Each week, we’ll round up startup news from the UNC journalism students behind North Carolina Business News Wire. To read all of the students’ work covering public and private companies around the state, sign up for the daily newsletter.

Mooresville-based sleep company Kryo raises $1.3 million

By Chris Roush

A North Carolina company that has developed a unique sleeping system has raised $1.3 million in a private equity offering, according to a filing with the Securities and Exchange Commission.

Kryo Inc. raised the money from four investors, according to the filing. It is seeking to raise another $1.2 million.

The Mooresville-based company was founded by Todd Youngblood, co-founder of Chili Technology and the well-known ChiliPad, and his wife Tara Youngblood.

The Kryo Sleep Performance System uses each individual’s sleep data to optimize sleep through temperature management. The company is targeting athletes, bio-hackers and those who are looking to enhance their overall sleep quality.

The app-controlled smart mattress topper can reach as high as 100 degrees and as low as 60 degrees.

Additionally, the Kryo Sleep Performance System is compatible with fitness trackers. Users can track, control and enhance their sleeping patterns. Kryo can even learn an individual’s sleeping habits and literally warm a user awake.

Companies relying on a Reg D exemption do not have to register their offering of securities with the SEC, but they must file what’s known as a Form D electronically with the SEC after they first sell their securities.


Online motorcycle retailer RumbleON authorizes sale of Class B shares

By Chris Roush

RumbleOn Inc., a Charlotte-based online retailer of used motorcycles, authorized investors to sell nearly all of the company’s Class B shares, according to a Securities and Exchange Commission filing.

Investors were authorized to sell 8.99 million Class B shares, according to the June 29 filing. RumbleOn had 44 stockholders of record with 9.02 million Class B shares outstanding as of June 28, the filing said.

The shareholders are restricted from selling 6.9 million of those shares until Dec. 31. RumbleOn is not selling shares and will not benefit from the investor transactions, according to the filing.

RumbleOn raised $2.48 million in a private placement sale March 31. The proceeds were used to launch the company’s website, purchase vehicle inventory, continue development of its platform, and for working capital purposes.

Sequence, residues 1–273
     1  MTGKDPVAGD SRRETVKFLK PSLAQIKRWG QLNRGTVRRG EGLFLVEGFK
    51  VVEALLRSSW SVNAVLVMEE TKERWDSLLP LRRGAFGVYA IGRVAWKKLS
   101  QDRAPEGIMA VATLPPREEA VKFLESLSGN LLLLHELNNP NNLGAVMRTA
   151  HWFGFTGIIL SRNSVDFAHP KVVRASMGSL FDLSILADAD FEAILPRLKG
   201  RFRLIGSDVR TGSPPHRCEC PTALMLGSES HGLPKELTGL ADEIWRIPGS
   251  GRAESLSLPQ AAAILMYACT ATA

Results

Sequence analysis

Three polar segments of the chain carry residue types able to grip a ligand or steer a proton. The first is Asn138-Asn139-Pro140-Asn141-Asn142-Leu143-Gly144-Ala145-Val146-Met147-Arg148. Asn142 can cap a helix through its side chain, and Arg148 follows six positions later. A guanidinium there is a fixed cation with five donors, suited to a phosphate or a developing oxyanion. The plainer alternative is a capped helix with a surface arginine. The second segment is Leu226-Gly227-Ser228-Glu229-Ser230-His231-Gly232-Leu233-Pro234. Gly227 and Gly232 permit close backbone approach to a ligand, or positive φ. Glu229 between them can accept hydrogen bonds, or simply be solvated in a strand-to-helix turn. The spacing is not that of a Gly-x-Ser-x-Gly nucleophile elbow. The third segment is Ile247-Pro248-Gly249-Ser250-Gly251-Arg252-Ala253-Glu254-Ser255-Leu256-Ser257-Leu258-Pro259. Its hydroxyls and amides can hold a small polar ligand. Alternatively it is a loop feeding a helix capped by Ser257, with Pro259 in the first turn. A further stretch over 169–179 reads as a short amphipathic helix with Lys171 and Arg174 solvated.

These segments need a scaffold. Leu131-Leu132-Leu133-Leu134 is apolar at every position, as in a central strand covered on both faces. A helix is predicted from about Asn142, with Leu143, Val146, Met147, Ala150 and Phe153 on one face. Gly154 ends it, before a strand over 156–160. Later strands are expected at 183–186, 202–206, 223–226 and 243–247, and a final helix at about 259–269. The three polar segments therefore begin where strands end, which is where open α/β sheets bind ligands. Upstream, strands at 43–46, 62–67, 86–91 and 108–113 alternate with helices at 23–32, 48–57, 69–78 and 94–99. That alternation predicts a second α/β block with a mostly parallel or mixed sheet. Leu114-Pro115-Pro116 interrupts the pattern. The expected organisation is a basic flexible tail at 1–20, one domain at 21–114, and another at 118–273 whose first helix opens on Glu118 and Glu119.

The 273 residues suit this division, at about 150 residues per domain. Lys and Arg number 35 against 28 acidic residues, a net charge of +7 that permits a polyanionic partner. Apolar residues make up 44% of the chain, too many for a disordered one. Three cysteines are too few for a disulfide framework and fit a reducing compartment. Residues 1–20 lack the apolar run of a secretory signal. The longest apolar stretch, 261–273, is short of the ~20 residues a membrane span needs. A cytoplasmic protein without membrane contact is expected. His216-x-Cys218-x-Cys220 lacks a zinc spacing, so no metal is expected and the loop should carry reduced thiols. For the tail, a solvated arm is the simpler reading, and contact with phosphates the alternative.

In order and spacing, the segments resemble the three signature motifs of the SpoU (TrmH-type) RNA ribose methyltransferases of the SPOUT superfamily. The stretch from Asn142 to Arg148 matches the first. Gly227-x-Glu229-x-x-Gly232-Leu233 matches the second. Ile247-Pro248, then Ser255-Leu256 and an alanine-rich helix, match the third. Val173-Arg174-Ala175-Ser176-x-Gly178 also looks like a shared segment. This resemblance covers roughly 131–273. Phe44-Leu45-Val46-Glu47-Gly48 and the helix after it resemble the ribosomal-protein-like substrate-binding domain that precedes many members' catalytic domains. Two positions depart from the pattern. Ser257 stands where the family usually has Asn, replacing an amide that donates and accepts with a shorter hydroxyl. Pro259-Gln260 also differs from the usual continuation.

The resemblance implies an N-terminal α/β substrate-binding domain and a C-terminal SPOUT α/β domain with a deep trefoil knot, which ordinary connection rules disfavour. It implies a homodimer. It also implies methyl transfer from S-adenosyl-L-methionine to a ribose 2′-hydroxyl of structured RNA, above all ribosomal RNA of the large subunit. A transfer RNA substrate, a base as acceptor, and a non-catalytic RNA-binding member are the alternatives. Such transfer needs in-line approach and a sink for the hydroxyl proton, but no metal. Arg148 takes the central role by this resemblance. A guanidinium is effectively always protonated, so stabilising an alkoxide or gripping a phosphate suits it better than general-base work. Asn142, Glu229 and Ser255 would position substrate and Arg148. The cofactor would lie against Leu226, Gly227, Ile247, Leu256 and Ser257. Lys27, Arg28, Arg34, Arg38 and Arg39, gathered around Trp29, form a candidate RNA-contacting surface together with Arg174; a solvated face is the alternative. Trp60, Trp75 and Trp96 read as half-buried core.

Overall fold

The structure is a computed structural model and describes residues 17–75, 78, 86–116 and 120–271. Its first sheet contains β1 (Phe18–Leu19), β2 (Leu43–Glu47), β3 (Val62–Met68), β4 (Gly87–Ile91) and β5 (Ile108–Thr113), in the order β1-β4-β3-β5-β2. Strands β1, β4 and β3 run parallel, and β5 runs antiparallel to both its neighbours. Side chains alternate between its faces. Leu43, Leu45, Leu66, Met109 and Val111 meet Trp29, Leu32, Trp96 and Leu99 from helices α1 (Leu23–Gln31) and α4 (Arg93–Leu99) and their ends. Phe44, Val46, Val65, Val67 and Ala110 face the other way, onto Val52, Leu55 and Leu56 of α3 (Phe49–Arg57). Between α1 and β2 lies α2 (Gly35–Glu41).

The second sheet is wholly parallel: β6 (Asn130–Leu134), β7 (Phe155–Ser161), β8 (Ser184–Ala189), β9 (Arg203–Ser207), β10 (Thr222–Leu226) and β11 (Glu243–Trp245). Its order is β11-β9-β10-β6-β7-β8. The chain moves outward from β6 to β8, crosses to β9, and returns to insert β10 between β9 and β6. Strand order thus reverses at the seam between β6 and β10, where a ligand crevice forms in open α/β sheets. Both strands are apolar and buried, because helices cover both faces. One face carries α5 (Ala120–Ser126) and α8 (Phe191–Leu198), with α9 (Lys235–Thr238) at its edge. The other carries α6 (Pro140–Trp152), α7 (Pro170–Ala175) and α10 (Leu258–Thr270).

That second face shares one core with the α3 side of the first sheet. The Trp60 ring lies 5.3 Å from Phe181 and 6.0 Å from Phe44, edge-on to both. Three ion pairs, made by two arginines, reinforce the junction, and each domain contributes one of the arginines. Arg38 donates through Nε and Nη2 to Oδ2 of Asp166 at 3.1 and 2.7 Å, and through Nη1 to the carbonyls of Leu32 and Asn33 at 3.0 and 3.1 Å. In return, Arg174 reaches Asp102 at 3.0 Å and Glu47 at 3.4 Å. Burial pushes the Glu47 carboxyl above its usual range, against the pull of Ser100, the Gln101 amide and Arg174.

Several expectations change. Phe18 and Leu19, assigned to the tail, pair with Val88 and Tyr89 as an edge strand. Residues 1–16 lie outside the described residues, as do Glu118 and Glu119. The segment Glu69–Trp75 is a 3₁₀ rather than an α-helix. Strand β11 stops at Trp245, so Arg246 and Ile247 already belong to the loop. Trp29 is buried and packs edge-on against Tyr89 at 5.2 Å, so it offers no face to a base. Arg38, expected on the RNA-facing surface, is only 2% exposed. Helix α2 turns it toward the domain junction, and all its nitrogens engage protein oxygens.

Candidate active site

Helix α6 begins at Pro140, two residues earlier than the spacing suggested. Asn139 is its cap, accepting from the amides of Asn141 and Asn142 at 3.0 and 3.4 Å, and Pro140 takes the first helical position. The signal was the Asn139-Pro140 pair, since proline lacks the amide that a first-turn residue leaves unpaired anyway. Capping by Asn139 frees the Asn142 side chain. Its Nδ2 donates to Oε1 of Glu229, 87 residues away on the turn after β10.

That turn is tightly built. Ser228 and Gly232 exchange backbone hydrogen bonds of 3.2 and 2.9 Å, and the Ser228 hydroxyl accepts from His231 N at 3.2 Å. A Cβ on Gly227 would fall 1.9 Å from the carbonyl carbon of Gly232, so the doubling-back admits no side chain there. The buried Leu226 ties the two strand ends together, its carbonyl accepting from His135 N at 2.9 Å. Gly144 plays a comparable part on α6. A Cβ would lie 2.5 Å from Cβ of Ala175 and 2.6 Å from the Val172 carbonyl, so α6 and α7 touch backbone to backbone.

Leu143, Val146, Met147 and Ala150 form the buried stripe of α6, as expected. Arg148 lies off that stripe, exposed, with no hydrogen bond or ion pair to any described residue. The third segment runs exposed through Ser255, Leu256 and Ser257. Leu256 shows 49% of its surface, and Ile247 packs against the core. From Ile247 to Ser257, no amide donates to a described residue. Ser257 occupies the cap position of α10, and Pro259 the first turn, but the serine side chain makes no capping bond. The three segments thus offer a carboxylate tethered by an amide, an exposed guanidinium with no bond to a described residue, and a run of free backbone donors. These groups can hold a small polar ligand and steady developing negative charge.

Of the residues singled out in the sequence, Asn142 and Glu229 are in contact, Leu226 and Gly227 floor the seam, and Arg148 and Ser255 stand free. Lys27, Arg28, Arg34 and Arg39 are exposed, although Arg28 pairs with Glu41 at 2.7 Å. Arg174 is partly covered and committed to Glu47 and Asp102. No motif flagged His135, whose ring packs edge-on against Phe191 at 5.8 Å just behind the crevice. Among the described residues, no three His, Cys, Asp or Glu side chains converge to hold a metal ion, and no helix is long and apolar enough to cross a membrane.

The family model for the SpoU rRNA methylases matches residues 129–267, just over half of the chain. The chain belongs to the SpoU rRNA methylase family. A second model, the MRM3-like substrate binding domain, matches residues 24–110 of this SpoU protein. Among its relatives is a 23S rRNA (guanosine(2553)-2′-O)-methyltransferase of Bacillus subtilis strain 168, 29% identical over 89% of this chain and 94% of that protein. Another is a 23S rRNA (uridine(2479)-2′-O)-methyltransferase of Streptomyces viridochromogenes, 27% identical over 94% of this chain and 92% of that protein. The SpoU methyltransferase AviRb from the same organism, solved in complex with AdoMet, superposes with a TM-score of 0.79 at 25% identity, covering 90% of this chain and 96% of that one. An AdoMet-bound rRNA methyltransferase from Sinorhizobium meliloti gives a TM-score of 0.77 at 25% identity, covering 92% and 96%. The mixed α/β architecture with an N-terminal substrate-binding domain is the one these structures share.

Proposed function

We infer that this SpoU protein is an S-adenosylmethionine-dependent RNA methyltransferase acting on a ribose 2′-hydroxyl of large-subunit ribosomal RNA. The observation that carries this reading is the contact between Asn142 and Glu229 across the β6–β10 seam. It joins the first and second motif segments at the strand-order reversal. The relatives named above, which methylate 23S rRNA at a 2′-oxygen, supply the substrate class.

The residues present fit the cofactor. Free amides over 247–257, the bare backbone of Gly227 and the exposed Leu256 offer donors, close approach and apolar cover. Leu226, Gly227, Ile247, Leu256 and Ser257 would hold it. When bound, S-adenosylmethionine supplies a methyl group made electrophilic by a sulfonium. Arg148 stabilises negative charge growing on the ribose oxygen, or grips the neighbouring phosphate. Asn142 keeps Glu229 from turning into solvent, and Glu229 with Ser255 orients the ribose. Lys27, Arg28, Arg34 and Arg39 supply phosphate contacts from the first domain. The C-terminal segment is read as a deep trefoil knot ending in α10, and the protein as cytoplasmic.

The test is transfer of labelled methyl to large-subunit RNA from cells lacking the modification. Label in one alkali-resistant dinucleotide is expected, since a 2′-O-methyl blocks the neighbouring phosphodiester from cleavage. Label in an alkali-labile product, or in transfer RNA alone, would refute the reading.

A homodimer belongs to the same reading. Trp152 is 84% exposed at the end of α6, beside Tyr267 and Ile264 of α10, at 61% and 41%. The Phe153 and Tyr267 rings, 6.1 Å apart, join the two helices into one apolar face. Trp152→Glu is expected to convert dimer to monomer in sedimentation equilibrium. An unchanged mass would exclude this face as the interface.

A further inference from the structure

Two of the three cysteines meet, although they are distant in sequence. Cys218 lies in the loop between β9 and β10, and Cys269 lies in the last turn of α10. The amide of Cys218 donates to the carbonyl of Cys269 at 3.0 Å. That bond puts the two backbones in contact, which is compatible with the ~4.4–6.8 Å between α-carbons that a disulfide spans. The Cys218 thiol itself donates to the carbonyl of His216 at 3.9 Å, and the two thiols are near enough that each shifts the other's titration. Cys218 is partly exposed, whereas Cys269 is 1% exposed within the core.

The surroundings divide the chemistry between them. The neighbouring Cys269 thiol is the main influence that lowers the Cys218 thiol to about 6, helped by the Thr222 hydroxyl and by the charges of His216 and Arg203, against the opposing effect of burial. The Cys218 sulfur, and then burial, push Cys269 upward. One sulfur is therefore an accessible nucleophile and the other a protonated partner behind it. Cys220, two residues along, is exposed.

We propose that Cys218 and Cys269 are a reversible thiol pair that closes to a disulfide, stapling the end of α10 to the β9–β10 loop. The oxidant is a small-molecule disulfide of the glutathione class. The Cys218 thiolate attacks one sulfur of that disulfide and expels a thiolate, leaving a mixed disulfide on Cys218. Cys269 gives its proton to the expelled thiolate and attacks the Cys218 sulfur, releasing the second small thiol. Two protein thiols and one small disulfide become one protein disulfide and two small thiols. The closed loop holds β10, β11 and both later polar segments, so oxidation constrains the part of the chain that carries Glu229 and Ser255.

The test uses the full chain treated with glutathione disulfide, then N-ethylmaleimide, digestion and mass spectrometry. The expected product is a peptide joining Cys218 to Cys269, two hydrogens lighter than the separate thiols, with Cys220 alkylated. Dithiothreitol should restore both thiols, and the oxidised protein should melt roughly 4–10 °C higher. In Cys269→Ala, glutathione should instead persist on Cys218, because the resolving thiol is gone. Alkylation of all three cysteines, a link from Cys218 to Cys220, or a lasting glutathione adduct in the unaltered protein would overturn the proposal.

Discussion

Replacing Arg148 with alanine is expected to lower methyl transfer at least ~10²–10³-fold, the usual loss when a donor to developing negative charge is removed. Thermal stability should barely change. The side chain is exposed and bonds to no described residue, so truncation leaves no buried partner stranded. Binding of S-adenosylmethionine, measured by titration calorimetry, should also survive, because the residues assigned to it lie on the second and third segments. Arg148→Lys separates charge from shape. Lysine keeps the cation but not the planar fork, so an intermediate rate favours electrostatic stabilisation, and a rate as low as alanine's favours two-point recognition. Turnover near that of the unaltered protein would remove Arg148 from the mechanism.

The company sells its shares OTC, or over-the-counter, which is not part of any major regulated exchange.

The company’s website, RumbleOn.com, initially will sell motorcycles with engine sizes of 650 cc and larger and focus primarily on the Harley-Davidson brand.


Raleigh-based NovaQuest seeks $1.5 billion for new fund

By Chris Roush

A Raleigh-based investment firm that specializes in putting money into biopharmaceutical and health care companies wants to raise $1.5 billion for a new investment fund, according to a June 23 filing with the Securities and Exchange Commission.

NovaQuest Capital Management is seeking investors for its NovaQuest Pharma Opportunities Fund V. Its fourth fund, which was launched in 2015, raised $850 million.

NovaQuest was formed in 2000 to invest in life sciences and health care companies. Today, NovaQuest Capital Management manages over $1.4 billion in investments through two ways — biopharma investments and private equity deals.

On the biopharma side, the company likes product-based investments in late-stage clinical and commercial biopharma programs. It has invested in companies such as Pharmaxis, Hospira and ProStrakan.

On the private equity side, NovaQuest looks for investments in companies with between $20 million and $100 million in revenue and that are cash flow positive.

The SEC filing was signed by John L. Bradley, a founding partner of NovaQuest.

Bradley has nearly 20 years of experience in the health care industry and 30 years of overall experience in finance. He served as senior vice president of the NovaQuest business unit of Quintiles, where he negotiated complex structured transactions, managed asset portfolios and directed the day-to-day finances of NovaQuest.

As senior vice president of Quintiles’ Corporate Development Group, he directed a number of strategic transactions in acquisitions, divestitures, joint ventures, strategic sourcing and debt issuances.

NovaQuest split from Quintiles in 2010.

Companies relying on a Reg D exemption do not have to register their offering of securities with the SEC, but they must file what’s known as a Form D electronically with the SEC after they first sell their securities.